2/3 of the world's population is vegetarian, but not by choice

I think this is an interesting distinction, which largely depends on how you define "choice." Much of that 2/3 holds some religious conviction that eating meat is wrong. So they don't really have the option of eating meat, and they've chosen not to eat it. If I decide to not fly on a unicorn out of principle, is that a choice? It probably seems like a choice to me, but not to others who see that unicorns don't exist.

On the other end, many vegetarians-by-choice no longer have or make that choice. When you become vegetarian, your body gradually loses the ability to efficiently process meat. If you go out and eat a steak after being vegetarian for five years, you'll almost certainly get sick as a result. And there's also the psychological baggage that always encourages us to do what we've done before.

I've been vegetarian for ten years now, but I don't wake up each morning and think "Should I eat meat today? I chose ... no." I don't consciously make that choice at all any more than a lifelong Republican chooses to vote for the only Republican candidate or a man makes the choice to go into the men's restroom. Once you start to think about a choice as a part of your identity, are you really making the choice?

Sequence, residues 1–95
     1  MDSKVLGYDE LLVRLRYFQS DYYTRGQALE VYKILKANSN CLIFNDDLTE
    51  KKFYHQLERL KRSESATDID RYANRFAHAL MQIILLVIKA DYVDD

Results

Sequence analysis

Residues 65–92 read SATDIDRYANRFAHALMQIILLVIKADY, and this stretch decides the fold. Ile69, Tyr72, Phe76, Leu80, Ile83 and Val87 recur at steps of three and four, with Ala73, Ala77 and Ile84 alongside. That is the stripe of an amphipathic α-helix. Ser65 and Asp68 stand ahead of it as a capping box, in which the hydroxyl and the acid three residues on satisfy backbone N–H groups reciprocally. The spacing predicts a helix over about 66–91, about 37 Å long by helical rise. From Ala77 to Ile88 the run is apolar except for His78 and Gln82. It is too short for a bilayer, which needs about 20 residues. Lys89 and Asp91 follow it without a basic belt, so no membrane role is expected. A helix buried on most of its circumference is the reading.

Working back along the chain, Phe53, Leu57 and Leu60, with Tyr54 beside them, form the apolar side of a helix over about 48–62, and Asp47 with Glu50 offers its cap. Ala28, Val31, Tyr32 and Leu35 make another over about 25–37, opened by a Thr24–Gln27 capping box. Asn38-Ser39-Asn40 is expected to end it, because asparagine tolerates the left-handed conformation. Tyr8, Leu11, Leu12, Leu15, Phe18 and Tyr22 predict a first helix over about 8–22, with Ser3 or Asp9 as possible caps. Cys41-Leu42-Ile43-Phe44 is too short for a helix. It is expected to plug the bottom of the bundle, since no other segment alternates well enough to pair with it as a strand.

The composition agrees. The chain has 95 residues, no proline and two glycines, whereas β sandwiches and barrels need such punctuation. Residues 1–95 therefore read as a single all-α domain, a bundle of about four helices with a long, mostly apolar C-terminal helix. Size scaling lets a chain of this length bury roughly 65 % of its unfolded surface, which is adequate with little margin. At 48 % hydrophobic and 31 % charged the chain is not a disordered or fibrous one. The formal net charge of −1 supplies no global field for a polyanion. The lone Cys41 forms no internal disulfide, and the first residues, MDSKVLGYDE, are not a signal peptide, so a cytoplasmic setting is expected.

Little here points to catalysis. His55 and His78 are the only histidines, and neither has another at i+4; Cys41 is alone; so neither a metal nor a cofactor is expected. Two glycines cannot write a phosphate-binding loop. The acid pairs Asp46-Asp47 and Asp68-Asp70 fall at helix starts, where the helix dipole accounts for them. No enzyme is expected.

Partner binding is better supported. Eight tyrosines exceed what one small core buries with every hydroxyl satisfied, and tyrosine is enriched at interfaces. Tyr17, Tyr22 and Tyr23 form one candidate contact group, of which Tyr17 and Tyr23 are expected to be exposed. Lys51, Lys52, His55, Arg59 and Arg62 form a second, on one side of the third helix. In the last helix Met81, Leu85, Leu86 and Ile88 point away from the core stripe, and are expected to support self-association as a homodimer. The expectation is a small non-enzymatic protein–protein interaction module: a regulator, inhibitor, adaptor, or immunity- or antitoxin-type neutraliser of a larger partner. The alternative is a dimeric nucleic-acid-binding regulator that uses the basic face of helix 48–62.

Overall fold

posted by scottreynen at 5:48 AM on July 14, 2006


Much of that 2/3 holds some religious conviction that eating meat is wrong.

Is that true? Surely most of that 2/3 holds religious convictions that eating certain kinds of meat is wrong, or that eating meat slaughtered in certain ways is wrong. The main "vegetarian" religion that springs to mind is Buddhism, but if I remember correctly the rules are different in different regions, and many Buddhists have no doctrinal objection to eating certain meats.
posted by robcorr at 6:01 AM on July 14, 2006


I think it's important to note that vegetarianism is seen differently not only by lower vs. middle/upper class Americans, but on a broader scale where America's general prosperity is witnessed by countries with more recent histories of economic struggle. When I studied abroad in Prague several years back, my vegetarian friends and I definitely grappled with the Czechs' love all things pork and beef. In turn, our no-meat diet automatically translated as just another facet of our spoiled, uncompromising Americanism, an impression held even among the cosmopolitan Prague college students. I think American vegetarianism was particularly galling to the Czechs in light of their love-hate relationship with all the McDonalds and KFC establishments that now litter their pretty cobblestone streets.
posted by zoomorphic at 7:17 AM on July 14, 2006


It appears, based on the comments here, that some of the distinctions in American vegetarianism may be regional and cultural without being class-based.